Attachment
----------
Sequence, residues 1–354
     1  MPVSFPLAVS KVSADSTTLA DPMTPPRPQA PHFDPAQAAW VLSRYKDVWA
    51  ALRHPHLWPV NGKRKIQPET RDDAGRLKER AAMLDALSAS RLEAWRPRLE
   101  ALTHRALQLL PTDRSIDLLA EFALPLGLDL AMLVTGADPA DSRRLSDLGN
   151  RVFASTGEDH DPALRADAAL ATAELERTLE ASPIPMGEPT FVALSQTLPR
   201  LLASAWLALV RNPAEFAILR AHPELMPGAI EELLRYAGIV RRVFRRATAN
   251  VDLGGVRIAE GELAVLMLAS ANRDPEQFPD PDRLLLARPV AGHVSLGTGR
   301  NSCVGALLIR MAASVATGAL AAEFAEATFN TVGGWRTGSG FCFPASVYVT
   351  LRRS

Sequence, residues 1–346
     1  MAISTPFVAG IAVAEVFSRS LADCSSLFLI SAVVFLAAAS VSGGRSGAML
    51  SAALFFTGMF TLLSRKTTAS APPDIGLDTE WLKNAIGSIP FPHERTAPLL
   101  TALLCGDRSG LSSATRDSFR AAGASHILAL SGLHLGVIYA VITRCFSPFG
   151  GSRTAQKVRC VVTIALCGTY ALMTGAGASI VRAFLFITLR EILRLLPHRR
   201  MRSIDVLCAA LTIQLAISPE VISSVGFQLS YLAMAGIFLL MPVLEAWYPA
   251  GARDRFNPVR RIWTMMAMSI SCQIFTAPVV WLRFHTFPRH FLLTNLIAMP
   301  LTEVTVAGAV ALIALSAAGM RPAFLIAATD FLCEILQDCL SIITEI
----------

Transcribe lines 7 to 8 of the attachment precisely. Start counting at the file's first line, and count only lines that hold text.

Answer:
   251  VDLGGVRIAE GELAVLMLAS ANRDPEQFPD PDRLLLARPV AGHVSLGTGR
   301  NSCVGALLIR MAASVATGAL AAEFAEATFN TVGGWRTGSG FCFPASVYVT